Mozilla yesterday updated its free Firefox for Android web browser for smartphones running version 2.2 or later, claiming dramatic performance improvements from startup and page-load times to panning and zooming and in its own BrowserQuest HTML5 web app. We took version 14 of the mobile browser for a spin to verify those claims.
Mozilla already has tough competition in the desktop browser market in the form of Google Chrome, but its latest Firefox for Android release reveals several steps the company has taken in damage limitation for when Google eventually replaces the stock Android browser with Chrome. First up is a redesigned user interface, now referred to as the Awesome Screen. It’s fresh and good-looking, but a little busy. From here you can quickly navigate to your top sites and tabs from your previous session, access bookmarks, tabs and history through the Awesome Bar, import data from your desktop browser using Firefox Sync, and install add-ons. To open a new tab you simply click on the + at the top-right, and we ran 14 at once with no problems. The only thing missing is instant search results for sites you haven’t previously visited.
Firefox Sync is very easy to set up. You simply tap the button on the Awesome screen, then enter into your desktop browser the code it returns. If you haven’t already signed up for Firefox Sync you’ll need to do so now, then click the Continue button to trigger the import. You can specify what data should be kept in sync, but only through the desktop browser’s settings. With Firefox as the main browser in use on our desktop, we found it took only seconds to import the more than 350 bookmarks, extensive browsing history and other data we had stored there. Once configured, having this data to hand will make mobile browsing with Firefox for Android a far more intuitive experience.
The number of add-ons available to download is still very low; for example, we found just one add-on in the Experimental category and none at all in Device Features & Location. However, like Firefox Sync, the configuration process is a doddle. Currently featured add-ons on the Awesome Screen include Full Screen, URL Fixer, CloudViewer and Phony; you can also access the Add-ons Manager through your smartphone’s Menu key. URL Fixer is perhaps the most useful, given the difficulties some of us experience in accurate typing on a smartphone.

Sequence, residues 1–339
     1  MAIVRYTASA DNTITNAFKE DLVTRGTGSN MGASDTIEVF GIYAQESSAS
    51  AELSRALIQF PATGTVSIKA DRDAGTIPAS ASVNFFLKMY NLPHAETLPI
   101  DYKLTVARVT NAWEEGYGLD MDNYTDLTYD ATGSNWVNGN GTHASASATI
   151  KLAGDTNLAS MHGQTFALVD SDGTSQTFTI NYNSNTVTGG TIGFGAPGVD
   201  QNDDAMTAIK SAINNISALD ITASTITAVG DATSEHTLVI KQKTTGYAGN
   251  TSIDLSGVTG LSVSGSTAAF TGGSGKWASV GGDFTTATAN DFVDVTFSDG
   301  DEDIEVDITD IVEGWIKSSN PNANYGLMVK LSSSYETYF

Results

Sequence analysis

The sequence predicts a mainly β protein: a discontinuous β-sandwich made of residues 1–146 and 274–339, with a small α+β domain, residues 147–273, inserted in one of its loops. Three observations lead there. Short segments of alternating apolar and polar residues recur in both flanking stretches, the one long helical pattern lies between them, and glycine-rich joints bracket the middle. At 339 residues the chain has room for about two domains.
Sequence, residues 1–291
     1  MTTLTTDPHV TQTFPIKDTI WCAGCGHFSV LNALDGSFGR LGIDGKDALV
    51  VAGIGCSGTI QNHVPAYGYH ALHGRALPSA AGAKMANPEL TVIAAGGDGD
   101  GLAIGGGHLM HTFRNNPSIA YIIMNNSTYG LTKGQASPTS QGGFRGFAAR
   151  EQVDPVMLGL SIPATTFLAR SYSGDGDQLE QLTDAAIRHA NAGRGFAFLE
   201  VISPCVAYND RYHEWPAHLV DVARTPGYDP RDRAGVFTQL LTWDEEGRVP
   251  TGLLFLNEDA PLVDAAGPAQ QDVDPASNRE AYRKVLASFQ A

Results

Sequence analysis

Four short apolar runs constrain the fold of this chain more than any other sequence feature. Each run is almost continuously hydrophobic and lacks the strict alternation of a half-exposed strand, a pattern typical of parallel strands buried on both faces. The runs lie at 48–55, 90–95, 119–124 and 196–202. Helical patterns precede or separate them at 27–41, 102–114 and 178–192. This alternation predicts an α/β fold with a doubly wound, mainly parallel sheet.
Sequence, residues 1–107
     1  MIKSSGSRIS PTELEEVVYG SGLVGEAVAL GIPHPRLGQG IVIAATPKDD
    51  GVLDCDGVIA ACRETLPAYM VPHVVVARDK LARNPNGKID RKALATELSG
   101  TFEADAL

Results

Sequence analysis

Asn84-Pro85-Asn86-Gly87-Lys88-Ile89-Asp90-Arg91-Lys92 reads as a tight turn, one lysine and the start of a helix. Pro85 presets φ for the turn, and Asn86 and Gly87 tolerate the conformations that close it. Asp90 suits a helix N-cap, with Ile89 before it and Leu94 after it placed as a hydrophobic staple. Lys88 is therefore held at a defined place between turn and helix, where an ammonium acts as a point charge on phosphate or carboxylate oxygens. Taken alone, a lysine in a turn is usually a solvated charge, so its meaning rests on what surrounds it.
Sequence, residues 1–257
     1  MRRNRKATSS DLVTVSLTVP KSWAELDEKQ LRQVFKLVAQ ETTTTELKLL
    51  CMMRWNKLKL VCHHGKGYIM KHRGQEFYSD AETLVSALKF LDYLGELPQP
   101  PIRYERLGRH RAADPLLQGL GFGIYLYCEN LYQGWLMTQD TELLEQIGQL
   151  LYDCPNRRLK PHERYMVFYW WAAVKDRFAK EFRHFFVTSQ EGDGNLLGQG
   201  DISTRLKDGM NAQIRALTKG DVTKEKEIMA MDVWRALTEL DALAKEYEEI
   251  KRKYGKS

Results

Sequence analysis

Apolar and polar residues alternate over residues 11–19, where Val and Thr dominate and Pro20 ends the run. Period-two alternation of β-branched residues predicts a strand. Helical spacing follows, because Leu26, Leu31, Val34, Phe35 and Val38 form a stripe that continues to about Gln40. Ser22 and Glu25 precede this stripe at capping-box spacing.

The mobile browser uses the same code as the desktop version of Firefox; as such, many features found in the full-blown Firefox are also present here. In terms of security, Mozilla offers Do Not Track, to prevent websites keeping tabs on your whereabouts for the purposes of behavioural advertising, and Master Password, to safeguard the various other passwords you use on your Android smartphone and leave you with just a single login to remember. You can also clear your history and browsing data and disable cookies from the Settings menu (press your phone’s Menu key to access this).
Other features in Firefox for Android 14 include the ability to save pages to PDF, utilise a download manager, share web pages via social media, email or send them to an offline reader app, and zoom in using pinch-to-zoom or a double-tap. The browser is also said to include smart font inflation, making it easier for you to read small text.
And then there’s the performance. When we first looked at Firefox for Android in August 2011 (turn the page to read our original review), we found it sluggish. It took around 3 seconds to load on our Samsung Vibrant, and was a relatively large download at 14MB. The update version is larger still, at 17MB, but our first impressions were much improved. Better yet, the browser loaded in less than half the time on our Sony Ericsson Xperia Arc, and websites also felt much snappier in use.
In Mozilla’s own documentation, it cites faster website panning performance than its predecessor. The latest version of Firefox for Android recorded 20.5fps when panning cnn.com using a Samsung Galaxy Nexus running Android 4.0.4 Ice Cream Sandwich; its predecessor, just 10.2fps. The next closest rival, the Dolphin Browser, managed 14.2fps.
Mozilla has also measured Firefox for Android’s canvas rendering performance – using its own Eideticker Canvas Benchmark. It cites a score of 39.3fps in this test, whereas its predecessor scored 13.2fps and the next fastest browser, Opera, 21.6fps. In fact, based on these results, Mozilla says Firefox for Android is now two times faster than the stock Android browser.
Firefox for Android certainly feels significantly faster than the Android browser, and we’ve been impressed with the apparent performance of this release, but we weren’t about to take Mozilla’s word for it. We used the independent SunSpider test on our own Sony Ericsson Android Gingerbread handset to measure browsing performance; we recorded 2,880ms using Firefox for Android 14, and 3,383ms using the stock Android browser.
Mozilla has also built Flash and HTML5 support into the browser, making the platform more appealing to web developers and opening up a range of content for playback on your Android smartphone.
If you’re still using the stock Android browser that came preinstalled on your smartphone, stop! Firefox for Android 14 is significantly faster, and comes with several useful features, including Firefox Sync and Add-ons, which make this a strong companion to the desktop browser.